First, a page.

When Yosemite first dropped I wasn’t in the mood to be one of the “early adopters”. Normally with a new OS I’d be straight in there but I put off updating from Mavericks and I think I did the right thing. Apparently there were lots of minor problems reported on the discussion forums, not least a problem with dropped WiFi connections. Anyway, I decided I’d wait for a point release and then of course I had my eye problem…
Now that Apple have released a further point release (OS X 10.10.2) which purported amongst other things to fix the WiFi issue I thought I’d update my MacBook Air for starters. Opinion is divided between those who simply update from whatever their existing OS was and those who insist that a clean install followed by a restore of their backed-up data is the only surefire way to a reliable system. I thought I would risk the former and use my backup plan to do a clean install and restore if necessary.
I followed my usual backup method – which is really about ensuring I have a good backup in case of a SNAFU – prior to starting the update. In other words:
- Backup to external disk using Time Machine
- Create a bootable clone of the entire Macintosh HD partition on an external disk (I use Superduper!).
- Test the clone by booting from it and testing the basic functions of OS X.
- Verifying the Macintosh HD disk.
No. 4 gave me a couple of disk errors. Nothing serious. Nevertheless I booted the Mac in safe mode (that’s booting it while holding down the CMD and S keys) and running fsck to check and repair the disk:
/sbin/fsck – fy
It found some minor file allocation errors and then returned the message “Macintosh HD appears to be OK” (which is always a good sign). I rebooted it as normal and downloaded the Yosemite installer from the Apple App store.
It pays to have a Plan B, which in my case would be to restore everything to its last Mavericks configuration – I have a backup for that! – but it’s very useful to have a stand-alone copy of the OS X installer on a USB drive. If you have that, you can boot from it and run diagnostics or repairs from there and/or install the OS from scratch if need be. A useful spin-off is that if you have several Macs to update to the new OS, having a copy of the installer on a portable disk saves having to download the large installer image onto each Mac.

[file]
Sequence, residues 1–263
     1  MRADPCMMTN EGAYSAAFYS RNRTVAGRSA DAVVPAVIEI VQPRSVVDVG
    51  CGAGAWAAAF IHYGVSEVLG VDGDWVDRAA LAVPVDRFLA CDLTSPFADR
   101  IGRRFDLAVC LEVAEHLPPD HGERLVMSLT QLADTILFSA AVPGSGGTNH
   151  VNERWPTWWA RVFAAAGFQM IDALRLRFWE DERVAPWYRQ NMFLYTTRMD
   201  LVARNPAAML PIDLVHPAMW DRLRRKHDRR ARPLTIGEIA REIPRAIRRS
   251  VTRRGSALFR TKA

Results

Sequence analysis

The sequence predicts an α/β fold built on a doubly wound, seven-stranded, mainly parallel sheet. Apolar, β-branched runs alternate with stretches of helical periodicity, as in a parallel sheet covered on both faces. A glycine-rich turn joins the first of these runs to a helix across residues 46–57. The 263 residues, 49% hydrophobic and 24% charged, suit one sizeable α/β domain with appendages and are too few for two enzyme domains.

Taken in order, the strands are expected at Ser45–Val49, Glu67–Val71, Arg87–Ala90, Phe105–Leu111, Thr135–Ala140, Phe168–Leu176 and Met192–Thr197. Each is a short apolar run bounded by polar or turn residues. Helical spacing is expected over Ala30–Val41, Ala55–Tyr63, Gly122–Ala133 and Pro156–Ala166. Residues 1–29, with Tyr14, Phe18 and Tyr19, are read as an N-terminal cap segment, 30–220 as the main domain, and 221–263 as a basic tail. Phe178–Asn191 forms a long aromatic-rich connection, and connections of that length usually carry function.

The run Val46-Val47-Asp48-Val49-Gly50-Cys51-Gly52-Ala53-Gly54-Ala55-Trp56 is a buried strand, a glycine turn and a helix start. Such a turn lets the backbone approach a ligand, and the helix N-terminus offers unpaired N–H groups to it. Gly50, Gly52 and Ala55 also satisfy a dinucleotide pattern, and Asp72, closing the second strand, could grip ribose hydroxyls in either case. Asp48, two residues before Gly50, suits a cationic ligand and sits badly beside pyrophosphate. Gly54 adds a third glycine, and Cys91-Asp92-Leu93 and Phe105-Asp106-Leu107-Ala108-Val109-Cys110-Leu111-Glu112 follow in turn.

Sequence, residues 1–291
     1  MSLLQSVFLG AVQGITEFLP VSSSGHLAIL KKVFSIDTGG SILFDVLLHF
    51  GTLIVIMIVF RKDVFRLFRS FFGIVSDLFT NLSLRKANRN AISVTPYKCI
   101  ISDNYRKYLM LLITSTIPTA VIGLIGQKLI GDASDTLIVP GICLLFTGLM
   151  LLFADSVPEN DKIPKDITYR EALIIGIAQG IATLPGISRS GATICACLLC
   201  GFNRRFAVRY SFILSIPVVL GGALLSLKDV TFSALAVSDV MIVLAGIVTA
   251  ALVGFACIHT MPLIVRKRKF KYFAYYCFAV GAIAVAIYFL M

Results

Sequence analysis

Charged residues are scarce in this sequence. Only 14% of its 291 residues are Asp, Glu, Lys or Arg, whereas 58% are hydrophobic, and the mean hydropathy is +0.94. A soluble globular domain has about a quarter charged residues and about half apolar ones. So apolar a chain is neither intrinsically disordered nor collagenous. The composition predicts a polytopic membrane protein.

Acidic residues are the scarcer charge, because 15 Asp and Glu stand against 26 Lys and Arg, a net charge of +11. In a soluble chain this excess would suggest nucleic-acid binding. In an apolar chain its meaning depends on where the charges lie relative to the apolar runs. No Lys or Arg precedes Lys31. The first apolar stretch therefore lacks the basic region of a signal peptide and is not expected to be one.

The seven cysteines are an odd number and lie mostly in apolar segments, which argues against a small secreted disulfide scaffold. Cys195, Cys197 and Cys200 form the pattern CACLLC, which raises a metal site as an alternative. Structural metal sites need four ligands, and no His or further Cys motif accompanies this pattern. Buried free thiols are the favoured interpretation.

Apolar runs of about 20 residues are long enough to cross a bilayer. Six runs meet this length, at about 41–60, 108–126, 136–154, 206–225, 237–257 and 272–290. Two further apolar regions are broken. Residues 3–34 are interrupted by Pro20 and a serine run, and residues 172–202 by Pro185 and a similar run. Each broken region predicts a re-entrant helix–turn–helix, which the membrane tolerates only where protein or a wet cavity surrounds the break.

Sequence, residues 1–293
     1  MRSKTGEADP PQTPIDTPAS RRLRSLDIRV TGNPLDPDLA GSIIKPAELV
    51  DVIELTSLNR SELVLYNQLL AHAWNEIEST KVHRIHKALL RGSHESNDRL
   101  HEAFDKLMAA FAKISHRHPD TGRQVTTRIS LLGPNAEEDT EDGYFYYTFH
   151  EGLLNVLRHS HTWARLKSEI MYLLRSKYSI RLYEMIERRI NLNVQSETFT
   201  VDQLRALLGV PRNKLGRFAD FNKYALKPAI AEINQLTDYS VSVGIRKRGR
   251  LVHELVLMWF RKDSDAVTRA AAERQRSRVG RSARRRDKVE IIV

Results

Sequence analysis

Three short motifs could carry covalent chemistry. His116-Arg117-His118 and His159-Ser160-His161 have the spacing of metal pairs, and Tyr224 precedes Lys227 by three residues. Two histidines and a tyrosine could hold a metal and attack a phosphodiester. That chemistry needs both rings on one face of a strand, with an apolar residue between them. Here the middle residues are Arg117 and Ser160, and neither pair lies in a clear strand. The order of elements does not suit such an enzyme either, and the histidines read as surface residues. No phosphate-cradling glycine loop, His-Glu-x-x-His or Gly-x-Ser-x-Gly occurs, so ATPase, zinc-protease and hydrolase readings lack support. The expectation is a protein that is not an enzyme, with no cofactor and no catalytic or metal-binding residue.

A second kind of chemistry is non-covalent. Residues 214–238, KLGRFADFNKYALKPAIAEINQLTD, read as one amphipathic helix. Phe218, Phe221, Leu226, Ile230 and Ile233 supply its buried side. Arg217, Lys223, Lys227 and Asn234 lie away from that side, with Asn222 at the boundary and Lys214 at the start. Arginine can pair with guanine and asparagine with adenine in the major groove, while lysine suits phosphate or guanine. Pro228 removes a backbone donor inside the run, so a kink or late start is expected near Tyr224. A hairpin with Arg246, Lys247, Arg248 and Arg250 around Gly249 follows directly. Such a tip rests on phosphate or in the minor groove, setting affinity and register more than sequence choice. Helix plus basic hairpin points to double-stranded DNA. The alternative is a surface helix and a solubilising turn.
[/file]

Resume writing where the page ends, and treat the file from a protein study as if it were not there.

Starting with Mavericks, Apple have made it easy to create a bootable copy of the installer. There are other ways of doing it but I think using Apple’s “createinstallmedia” utility is fine. Here’s the method:
- When you download the OS X Installer app, it places it in the Applications folder. This method assumes you’ve left it there. (Don’t forget, if you run the installer and update the Mac, the installer app gets deleted from the Applications folder afterwards, so you need to create the USB copy first).
- Using Disk Utility, format an 8GB USB drive and give it the label “Untitled”. Leave it connected to a USB port on your Mac.
- Open a Terminal window and enter this command:
sudo /Applications/Install\ OS\ X\ Yosemite.app/Contents/Resources/createinstallmedia –volume /Volumes/Untitled –applicationpath /Applications/Install\ OS\ X\ Yosemite.app –nointeraction
- Let it run (takes a while!) and you will be left with a bootable USB disk containing the installer.
- To start your Mac from the USB drive, start the Mac whilst holding the Option (alt) key down. Once the Mac starts it will display the list of available bootable drives, select the USB drive from that list.
So, having tested my backups, downloaded the OS X update and created my USB installer, I was ready to undertake the update.
The Yosemite update was very straightforward (as Apple intended) and my Mac was soon up and running. I’ve left iCloud Drive off for the moment until I’m happy that everything is working as it should.